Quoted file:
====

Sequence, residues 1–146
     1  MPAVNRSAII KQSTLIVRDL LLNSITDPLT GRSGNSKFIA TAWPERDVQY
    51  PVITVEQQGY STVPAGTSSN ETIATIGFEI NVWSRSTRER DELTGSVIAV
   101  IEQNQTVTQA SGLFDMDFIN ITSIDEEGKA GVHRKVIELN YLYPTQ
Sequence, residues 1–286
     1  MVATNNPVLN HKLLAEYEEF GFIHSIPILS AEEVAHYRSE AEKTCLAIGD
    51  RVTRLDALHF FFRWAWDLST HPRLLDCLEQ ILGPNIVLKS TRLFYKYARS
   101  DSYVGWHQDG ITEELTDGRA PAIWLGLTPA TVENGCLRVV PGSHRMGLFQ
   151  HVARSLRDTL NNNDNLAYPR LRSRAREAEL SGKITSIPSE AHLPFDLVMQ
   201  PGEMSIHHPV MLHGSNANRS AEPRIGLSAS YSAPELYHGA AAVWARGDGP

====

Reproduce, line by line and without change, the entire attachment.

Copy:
Sequence, residues 1–146
     1  MPAVNRSAII KQSTLIVRDL LLNSITDPLT GRSGNSKFIA TAWPERDVQY
    51  PVITVEQQGY STVPAGTSSN ETIATIGFEI NVWSRSTRER DELTGSVIAV
   101  IEQNQTVTQA SGLFDMDFIN ITSIDEEGKA GVHRKVIELN YLYPTQ
Sequence, residues 1–286
     1  MVATNNPVLN HKLLAEYEEF GFIHSIPILS AEEVAHYRSE AEKTCLAIGD
    51  RVTRLDALHF FFRWAWDLST HPRLLDCLEQ ILGPNIVLKS TRLFYKYARS
   101  DSYVGWHQDG ITEELTDGRA PAIWLGLTPA TVENGCLRVV PGSHRMGLFQ
   151  HVARSLRDTL NNNDNLAYPR LRSRAREAEL SGKITSIPSE AHLPFDLVMQ
   201  PGEMSIHHPV MLHGSNANRS AEPRIGLSAS YSAPELYHGA AAVWARGDGP